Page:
The Effects of Alcohol, Cigarettes and Drug use During Pregnancy
71306915 The Effects of Alcohol, Cigarettes and Drug use During Pregnancy
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Over the years, the effects of alcohol, cigarettes and drugs during pregnancy have been confirmed via empirical research. It is not a myth. These substances have negative effects on both the mother and her unborn child. The use of these dangerous substances is discouraged during pregnancy because it can lead to a number of problems and complications such as: premature delivery, still birth, miscarriage, low weight at birth, mental retardation and dependence of children on these substances.
0.2 Effects of alcohol, cigarettes and drug use during pregnancy
Alcohol harms the fetus in the womb. Pregnant women who drink alcohol may give birth premature, produce children with congenital malformations or low weight at birth, Yamamoto et al (173-182) and Parazzini et al (1345-1349). Apart from the aforementioned effects, infants who are born to women who drink heavily during pregnancy are likely to have physical malformations such as an abnormally small head, defects in the heart and mental retardation. During pregnancy, there are no safe levels of alcohol intake. It is helpful for the pregnant mother to abstain from alcohol totally.
When a pregnant woman smokes cigarettes, the unborn child is likely to be born of a smaller size than children of mothers who do not smoke. According to Shu et al (115-120) cigarette smoking among pregnant women causes a host of other health problems such as: an increased risk of miscarriage; premature and still births; and infant mortality soon after birth. Research has shown that there is a relationship between smoking during pregnancy and the impaired infants. These children end up either physically or mentally impaired. At this point, very little can be done to reverse the situation, because the damage had already been done during pregnancy.
There are a number of drugs which are dangerous when used by pregnant women. In this section, the effects of marijuana and cocaine on pregnant women are examined. Generally, the use of marijuana is associated with pulmonary cancer, memory loss and irregularities during menstruation Hjerkinn, Lindbæk and Rosvold (322). In pregnant women the active ingredient passes through the pregnant mother and accumulates in the fetus. This situation results in: precipitation of labor; low birth weight; premature birth; and fetal distress. Pregnant women who smoke marijuana regularly are likely to induce labor and expel the fetus no matter the stage of pregnancy. On the other hand cocaine constricts the blood vessels and limits the amount of blood which reaches the fetus. Furthermore, cocaine causes an increase in the secretion of stress hormones and makes the uterus contact very easily which increases the risk of spontaneous abortion. Women who are addicted to cocaine may pass this to the infants they give birth to. It is important to note that cocaine and marijuana are not the only drugs which affect pregnant women and their babies. There are a number of other drugs to which pregnant woman may be addicted to and can cause harm to both the mother and child. However, for the purpose of this paper only these two drugs have been discussed.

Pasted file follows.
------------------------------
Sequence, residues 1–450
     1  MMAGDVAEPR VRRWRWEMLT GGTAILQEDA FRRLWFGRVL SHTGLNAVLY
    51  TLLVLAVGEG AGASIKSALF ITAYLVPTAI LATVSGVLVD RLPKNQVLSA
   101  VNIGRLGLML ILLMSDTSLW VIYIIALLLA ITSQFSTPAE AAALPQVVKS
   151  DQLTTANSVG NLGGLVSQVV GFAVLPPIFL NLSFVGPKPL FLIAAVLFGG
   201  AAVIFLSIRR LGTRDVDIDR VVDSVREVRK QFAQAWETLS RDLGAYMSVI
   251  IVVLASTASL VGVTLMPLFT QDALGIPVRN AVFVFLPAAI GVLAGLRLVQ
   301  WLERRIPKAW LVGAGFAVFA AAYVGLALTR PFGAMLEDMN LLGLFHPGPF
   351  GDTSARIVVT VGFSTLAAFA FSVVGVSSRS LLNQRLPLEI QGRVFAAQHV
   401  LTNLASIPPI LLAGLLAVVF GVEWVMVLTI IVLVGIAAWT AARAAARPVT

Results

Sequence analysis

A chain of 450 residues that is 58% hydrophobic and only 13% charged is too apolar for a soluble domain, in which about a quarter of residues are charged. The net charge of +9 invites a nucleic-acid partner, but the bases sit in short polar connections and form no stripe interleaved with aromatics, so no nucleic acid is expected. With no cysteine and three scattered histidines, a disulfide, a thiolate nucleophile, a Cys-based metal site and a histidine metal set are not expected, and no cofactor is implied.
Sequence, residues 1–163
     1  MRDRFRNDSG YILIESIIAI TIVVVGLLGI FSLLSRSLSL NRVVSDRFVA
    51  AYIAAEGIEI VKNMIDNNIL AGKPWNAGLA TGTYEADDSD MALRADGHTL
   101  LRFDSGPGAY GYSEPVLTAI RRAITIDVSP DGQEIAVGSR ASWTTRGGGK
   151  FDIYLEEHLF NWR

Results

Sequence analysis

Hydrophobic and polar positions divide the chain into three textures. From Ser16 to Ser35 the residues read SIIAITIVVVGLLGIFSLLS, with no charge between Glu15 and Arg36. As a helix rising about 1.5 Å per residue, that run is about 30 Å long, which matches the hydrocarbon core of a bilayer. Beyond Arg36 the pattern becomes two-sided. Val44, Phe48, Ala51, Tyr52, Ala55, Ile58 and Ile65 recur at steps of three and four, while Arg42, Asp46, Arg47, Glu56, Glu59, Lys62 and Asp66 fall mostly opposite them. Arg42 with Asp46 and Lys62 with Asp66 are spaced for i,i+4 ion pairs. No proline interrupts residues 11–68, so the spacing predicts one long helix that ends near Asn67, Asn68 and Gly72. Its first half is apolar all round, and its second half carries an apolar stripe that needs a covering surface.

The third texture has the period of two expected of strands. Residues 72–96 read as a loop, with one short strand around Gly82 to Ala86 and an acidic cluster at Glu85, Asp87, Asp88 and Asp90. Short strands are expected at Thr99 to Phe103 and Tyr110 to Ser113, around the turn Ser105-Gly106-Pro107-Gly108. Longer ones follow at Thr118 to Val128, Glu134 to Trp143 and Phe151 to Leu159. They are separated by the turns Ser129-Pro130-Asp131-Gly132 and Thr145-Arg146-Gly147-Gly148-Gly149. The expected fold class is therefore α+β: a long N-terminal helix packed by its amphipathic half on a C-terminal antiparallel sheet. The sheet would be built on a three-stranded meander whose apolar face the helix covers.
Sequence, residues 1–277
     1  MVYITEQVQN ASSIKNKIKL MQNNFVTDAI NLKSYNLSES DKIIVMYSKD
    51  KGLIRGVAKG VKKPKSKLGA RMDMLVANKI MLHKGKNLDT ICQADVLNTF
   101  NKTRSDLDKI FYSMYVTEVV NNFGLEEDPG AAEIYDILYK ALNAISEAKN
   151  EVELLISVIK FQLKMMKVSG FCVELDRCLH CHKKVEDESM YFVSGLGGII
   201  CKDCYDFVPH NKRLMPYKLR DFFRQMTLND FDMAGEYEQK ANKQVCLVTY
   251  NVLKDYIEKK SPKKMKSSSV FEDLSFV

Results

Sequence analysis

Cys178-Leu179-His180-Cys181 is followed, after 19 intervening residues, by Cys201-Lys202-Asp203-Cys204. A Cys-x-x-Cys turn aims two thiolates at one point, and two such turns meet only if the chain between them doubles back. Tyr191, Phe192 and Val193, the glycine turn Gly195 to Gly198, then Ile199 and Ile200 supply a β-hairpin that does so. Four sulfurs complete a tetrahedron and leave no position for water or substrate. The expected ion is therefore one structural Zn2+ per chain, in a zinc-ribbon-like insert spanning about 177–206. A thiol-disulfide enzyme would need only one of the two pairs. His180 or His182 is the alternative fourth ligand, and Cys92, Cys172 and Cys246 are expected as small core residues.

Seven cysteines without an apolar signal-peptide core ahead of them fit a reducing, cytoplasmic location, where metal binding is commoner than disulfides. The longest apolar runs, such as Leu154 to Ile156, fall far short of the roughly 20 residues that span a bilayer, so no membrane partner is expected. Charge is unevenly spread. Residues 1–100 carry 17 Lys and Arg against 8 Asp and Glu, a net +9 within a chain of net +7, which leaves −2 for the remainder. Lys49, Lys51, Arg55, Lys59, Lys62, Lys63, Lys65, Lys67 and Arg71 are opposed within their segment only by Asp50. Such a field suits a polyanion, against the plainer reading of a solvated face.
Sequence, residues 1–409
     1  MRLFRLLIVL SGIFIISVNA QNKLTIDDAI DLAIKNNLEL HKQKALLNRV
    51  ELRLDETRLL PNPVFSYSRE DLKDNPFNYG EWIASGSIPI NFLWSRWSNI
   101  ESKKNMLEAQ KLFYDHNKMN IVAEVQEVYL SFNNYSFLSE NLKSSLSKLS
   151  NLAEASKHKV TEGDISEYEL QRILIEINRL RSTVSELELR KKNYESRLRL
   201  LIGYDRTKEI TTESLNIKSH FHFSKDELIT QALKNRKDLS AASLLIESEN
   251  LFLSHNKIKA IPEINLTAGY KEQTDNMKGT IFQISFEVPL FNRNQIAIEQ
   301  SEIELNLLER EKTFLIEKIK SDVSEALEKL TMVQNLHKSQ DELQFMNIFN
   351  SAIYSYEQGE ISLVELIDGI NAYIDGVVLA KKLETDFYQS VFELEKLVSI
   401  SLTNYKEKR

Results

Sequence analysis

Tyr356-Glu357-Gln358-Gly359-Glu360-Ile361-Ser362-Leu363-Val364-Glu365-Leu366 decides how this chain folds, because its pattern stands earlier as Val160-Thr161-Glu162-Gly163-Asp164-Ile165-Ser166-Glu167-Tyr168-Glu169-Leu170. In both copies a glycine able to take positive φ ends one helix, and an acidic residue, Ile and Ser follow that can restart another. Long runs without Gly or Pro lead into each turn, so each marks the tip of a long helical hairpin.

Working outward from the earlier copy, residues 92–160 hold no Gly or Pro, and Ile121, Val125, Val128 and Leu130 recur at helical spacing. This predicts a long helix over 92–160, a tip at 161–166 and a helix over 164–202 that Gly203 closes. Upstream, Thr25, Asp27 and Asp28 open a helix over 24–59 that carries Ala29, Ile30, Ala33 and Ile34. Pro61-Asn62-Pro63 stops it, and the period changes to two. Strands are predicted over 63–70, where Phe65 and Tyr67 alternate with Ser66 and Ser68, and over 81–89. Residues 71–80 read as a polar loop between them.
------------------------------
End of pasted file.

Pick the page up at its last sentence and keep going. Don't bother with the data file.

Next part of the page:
Pregnancy is a time when women should be careful about drugs and other substances which they take in. A lot is yet to be known about the effect of many substances on the unborn child. Thus a lot of caution should be taken. However, for now, cigarettes, drugs and alcohol are bad for pregnant women because they have very damaging effects on the unborn child and the health of the mother.
Hjerkinn B., Lindbæk M., Rosvold E. O. “Substance abuse in pregnant women. Experiences from a special child welfare clinic in Norway.” BMC Public Health. 2007; 7: 322.
Parazzini F., Chatenoud L., Surace M., Tozzi L., Salerio B., Bettoni G., et al. “Moderate alcohol drinking and risk of preterm birth.” Eur J Clin Nutr. 2003; 57: 1345-1349.
Shu X. O., Hatch M. C., Mills J., Clemens J, Susser M. “Maternal smoking, alcohol drinking, caffeine consumption, and fetal growth: results from a prospective study.” J. Epidemiol. 1995; 6: 115-120.
Yamamoto Y., Kaneita Y., Yokoyama E., Sone T., Takemura S., Suzuki K., et al. “Alcohol Consumption and Abstention among pregnant Japanese Women.” J. Epidemiol. 2008, 18(4): 173-182.